A Short History of the Minimum Wage Fight

Matthew Cooper

The country had had enough. In 1936, after the Supreme Court had struck down President Roosevelt’s attempt to impose a federal minimum wage, the country was livid. For years, the Court had been striking down minimum-wage laws. The first state minimum-wage law was enacted in 1912 in Massachusetts, and by the end of the 1920s, 17 state and local minimum wage laws had been passed. Five were repealed. Seven were found unconstitutional, and the rest were enforced selectively under judicial threat.

Even the Republican Party was fed up with a Court that saw an expansive right of contract in the Fifth Amendment that couldn’t be violated. When Republicans met in Cleveland to choose a presidential nominee, they came up with a platform that offered full-throated support for such laws and, in a rebuke to the Court, declared that the authority came from the Constitution. But more liberal parts of the party—yes, there were such parts—wanted a stronger statement still. The party’s presidential nominee, Gov. Alf Landon of Kansas, dramatically dispatched a telegram to the convention taking things further, vowing to amend the Constitution to protect minimum-wage laws if the Supreme Court didn’t see fit to change its ways.

The melodrama turned out to be unnecessary. Landon got trounced. The Supreme Court got the hint: It reversed its previous rulings on the minimum-wage laws. By 1938, there was a federal minimum wage.

The lessons of history are an important reminder. First, the minimum wage is a relatively new part of the nation’s—and the world’s—economic landscape. George Washington would not have recognized the term, nor would Abe Lincoln. The idea of a just-wage theorem, between an individual and an employer, had dominated for centuries. It was only in the late-19th century that Catholics, Fabian socialists, labor unions, and others argued that the poor really were in no position to negotiate a just wage and that one had to be established.

It was a seismic shift both ideologically and economically. The minimum wage mattered much more in Depression-era America when far more of the country was at the bottom of the income scale, before the vast expansion of the middle class. It matters today, too, of course—see my Atlantic colleague Jordan Weissmann here and my National Journal colleague Catherine Hollander here and here.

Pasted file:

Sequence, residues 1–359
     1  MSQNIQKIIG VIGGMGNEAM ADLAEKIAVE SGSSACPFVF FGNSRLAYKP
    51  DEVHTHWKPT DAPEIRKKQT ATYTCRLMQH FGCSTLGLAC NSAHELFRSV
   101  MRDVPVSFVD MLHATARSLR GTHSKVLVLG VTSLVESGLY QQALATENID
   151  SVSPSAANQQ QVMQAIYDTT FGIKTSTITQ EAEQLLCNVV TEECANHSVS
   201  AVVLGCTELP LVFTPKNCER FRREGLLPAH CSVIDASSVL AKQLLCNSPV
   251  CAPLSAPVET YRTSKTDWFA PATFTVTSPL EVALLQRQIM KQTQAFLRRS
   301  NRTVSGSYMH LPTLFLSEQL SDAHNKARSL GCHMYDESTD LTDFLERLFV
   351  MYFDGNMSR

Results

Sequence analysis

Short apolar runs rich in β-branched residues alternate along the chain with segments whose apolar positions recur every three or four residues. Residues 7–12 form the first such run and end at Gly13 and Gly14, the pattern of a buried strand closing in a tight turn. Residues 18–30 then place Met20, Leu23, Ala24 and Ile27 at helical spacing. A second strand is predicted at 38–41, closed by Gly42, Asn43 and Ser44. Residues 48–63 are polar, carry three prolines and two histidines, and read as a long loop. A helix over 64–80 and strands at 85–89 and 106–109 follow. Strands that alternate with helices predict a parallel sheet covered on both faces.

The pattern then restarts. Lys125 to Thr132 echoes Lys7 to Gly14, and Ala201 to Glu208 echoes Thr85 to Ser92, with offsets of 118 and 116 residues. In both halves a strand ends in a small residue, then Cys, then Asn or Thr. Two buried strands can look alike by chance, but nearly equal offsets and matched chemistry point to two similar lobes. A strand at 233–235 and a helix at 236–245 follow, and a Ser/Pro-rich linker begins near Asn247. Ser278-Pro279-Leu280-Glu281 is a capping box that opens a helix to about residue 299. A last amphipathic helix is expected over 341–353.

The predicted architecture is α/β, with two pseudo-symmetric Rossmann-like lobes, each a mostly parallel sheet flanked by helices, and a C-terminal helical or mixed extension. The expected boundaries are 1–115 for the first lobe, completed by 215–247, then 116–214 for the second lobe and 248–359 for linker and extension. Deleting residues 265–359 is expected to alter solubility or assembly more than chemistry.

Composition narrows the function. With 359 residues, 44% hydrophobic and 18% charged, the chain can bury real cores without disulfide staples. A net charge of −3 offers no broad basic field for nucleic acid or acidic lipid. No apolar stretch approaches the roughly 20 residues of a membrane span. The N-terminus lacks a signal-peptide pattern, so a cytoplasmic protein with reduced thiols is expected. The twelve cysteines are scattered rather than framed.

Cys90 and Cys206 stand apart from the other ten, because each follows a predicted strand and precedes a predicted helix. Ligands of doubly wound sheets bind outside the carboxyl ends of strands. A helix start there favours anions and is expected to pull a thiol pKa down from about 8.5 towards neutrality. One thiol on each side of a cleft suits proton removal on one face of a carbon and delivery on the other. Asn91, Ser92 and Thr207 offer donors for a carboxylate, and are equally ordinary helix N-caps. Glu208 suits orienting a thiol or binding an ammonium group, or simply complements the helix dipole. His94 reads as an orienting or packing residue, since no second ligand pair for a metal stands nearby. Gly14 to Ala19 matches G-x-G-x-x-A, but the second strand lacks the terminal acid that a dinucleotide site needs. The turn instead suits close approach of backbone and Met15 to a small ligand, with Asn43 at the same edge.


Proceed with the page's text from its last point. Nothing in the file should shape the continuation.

But the debate among economists takes place within a pretty narrow spectrum. Does a minimum wage slightly hurt employment, or not? Does it raise wages much at higher income levels, or not? No one with a straight face can argue that it could pummel the economy or dramatically reduce income inequality. It’s a modest economic measure but a big political one—a proxy for larger discussions of freedom and justice even as its economic significance diminishes.

To understand its resonance, you have to go back to the 19th century. If you think of the minimum wage that was something born from Dickensian London, you’d be wrong—but not too far off. The minimum wage came later than you might think (1894), and not in Lloyd George’s England but in agrarian New Zealand. The Australians adopted it a few years later, and it didn’t migrate to Britain and the Northern Hemisphere until 1909. Mexico had a national minimum wage in 1931, eight years before the United States. France didn’t have a national minimum wage until 1950.